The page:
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THE 8 MOST COMMON CAUSES OF LOWER BACK PAIN



The lower back is critical to our function as a human being. It provides structural
support as well as enabling movement in all directions. The lower back is primarily responsible for forward and backward movements and also allows sideways bending and rotation. Another critical function of the lower back is to protect the tissues of the nervous system, spinal column as well as the organs of the pelvis and stomach. As such an essential aspect of our lives it is also susceptible to a number of injuries that cause us pain. The top 8 most common causes are outlined below.

8. Bone Injuries

Fractures of the lumbar spine usually occur after a traumatic event such as a fall or motor vehicle accident. If the fracture is unstable, risk of damage to the spinal cord and permanent paralysis is extremely high. Patients are stabilised and immobilised for long periods. If the fracture is stable patients are treated with rest and pain relief. In some cases people with osteoporosis, or those taking medication such as cortisone long term, can be susceptible to fractures even with minimal stress on the spine. This may cause a crush fracture where the vertebrae loses some of its height. Pain can be severe and is often aggravated by movement.

7. Congenital Inherited Conditions

Some of the common inherited conditions that cause lower back pain include scoliosis which is a sideways curve of the spine, sometimes caused when one leg is shorter than the other (functional scoliosis). You can also get structural scoliosis which is a fixed sideways curve often due to unknown factors, more common in women. Another common congenital cause of lower back pain is a forward slip of the lower lumbar vertebrae on top of the sacrum. This is referred to as spondylolisthesis, which in some cases can be associated with fractures of the joining bones in the vertebrae and is known as a pars defect.

6. Bone Encroachment

Sometimes when the bony canal of the spinal cord and the spaces that the nerves exit can be narrowed by bone spurs or other soft tissues. This can cause sciatic pain which radiates down the leg. Often pain from narrowing of the spinal canal gets worse with walking and improves with rest.

5. Arthritis

Arthritic changes and inflammation can affect the lumbar vertebrae as well as sciatic joints and can commonly cause lower back pain and stiffness, which is often worse in the morning. Degeneration can also affect the disc and is known as sponydolosis. This shows up on x-rays as narrowing of the lumbar disc joint space.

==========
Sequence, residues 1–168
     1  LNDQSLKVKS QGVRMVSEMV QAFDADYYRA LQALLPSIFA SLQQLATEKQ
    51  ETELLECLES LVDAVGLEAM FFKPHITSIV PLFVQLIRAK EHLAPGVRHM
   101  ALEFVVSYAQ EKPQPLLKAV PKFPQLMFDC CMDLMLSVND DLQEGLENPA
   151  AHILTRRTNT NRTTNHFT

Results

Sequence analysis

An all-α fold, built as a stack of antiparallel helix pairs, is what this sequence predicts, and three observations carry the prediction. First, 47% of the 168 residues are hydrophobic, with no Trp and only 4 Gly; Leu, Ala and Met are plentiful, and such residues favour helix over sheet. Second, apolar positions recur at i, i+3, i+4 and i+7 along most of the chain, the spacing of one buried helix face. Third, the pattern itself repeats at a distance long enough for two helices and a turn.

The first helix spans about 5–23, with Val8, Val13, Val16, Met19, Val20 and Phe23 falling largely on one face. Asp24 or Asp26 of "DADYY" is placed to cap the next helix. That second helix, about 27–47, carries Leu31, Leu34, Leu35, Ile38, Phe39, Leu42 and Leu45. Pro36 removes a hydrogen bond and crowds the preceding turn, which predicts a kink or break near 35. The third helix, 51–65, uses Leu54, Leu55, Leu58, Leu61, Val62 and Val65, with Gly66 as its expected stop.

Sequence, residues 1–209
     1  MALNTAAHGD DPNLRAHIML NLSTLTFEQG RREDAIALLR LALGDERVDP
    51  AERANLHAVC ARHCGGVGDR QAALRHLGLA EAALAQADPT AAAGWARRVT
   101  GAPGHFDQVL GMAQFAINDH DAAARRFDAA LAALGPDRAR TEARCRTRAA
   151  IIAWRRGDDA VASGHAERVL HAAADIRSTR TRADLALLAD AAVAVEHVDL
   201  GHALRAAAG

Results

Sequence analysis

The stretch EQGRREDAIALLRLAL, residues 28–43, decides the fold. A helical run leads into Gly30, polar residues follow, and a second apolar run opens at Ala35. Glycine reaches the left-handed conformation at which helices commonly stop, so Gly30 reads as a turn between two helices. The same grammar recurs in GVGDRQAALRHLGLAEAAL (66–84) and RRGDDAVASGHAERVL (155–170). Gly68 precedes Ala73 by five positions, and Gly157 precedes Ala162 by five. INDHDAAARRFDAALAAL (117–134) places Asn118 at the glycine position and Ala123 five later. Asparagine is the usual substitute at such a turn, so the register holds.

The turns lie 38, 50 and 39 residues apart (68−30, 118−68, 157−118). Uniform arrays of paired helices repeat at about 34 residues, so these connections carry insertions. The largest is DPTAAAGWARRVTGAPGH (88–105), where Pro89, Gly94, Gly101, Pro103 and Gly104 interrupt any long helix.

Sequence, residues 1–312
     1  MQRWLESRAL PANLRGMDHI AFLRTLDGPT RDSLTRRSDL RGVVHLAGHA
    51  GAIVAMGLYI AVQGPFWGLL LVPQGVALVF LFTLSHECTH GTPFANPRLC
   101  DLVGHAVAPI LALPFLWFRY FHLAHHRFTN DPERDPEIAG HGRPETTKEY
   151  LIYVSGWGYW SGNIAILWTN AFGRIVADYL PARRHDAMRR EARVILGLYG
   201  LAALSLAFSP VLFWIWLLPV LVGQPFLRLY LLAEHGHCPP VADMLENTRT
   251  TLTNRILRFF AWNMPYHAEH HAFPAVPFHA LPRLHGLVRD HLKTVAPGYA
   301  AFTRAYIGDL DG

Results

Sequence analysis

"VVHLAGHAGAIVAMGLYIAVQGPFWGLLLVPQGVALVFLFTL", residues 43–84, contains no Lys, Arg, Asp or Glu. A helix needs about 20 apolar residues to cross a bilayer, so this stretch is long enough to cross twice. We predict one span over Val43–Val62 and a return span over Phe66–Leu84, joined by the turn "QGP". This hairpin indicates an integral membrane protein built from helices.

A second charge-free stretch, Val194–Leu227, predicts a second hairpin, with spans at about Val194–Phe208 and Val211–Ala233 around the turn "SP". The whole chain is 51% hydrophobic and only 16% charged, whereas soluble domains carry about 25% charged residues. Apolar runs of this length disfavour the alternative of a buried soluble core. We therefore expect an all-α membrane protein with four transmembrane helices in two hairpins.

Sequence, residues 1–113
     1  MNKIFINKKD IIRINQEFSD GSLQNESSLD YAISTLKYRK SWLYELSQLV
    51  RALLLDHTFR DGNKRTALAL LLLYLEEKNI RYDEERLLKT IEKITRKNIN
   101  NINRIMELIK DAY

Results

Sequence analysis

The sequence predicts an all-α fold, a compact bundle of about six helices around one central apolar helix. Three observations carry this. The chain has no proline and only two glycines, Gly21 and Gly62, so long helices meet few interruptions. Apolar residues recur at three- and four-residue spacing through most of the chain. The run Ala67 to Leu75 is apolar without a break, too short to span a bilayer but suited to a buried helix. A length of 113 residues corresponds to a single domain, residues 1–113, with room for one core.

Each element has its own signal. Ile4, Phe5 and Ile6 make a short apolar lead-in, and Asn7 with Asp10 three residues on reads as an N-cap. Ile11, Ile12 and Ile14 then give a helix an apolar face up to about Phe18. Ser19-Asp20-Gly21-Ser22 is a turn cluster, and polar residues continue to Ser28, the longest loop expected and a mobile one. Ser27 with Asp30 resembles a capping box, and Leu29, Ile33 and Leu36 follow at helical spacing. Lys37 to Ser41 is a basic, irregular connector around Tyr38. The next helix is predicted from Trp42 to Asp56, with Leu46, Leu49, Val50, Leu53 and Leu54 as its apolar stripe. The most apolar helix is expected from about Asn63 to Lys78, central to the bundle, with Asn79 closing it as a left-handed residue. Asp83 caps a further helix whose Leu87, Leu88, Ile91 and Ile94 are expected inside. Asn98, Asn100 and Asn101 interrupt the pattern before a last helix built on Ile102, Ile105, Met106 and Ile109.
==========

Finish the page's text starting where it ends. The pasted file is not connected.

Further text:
4. Lumbar Radiculopathy - Damage to a Disc

When the disc is injured or weakens over time the outer rim can bulge or rupture (herniate), putting pressure on the spinal cord and/or the nerves exiting the bones. This can produce both local low back pain as well as sciatica characterised by pain down the leg. It can also be associated with pins and needles, numbness and weakness. In more serious cases, patients may experience problems with bladder and bowel function. They should seek medical attention immediately.

3. Nerve Irritation

The nerves exiting the bones of the lower back can be irritated by pressure from bone, soft tissue, as well as inflammation. Pain can be both local, as well as radiating down the leg.

2. Tendon and Ligament Strains

The soft tissues supporting and connecting the bones of the lower back can be stretched or injured in a number of ways. Commonly there is some sort of microscopic tear of varying degree which is often caused by an acute injury or overuse.

1. Muscle Strain

The most common form of lower back pain is of muscular origin. Muscle pain can be brought on by poor posture, overuse, improper use, sustained positions and even trauma. It is so common because not only is it the primary cause of most lower back pain, it is a significant component of all the other causes of lower back pain. This is because with arthritic changes, structural changes, such as curvature of the lower back, disc disease or even ruptures will all sensitise the muscles. This is why it is essential to understand muscle pain specifically, to learn strategies for prevention as well as self management long term.

If you would like to know more about your lower back check out our Antatomy Resource and information on How to Address Your Lower Back Pain. Our friendly physiotherapists are also here to answer any questions you may have about lower back pain, you can reach them 07 3847 8040.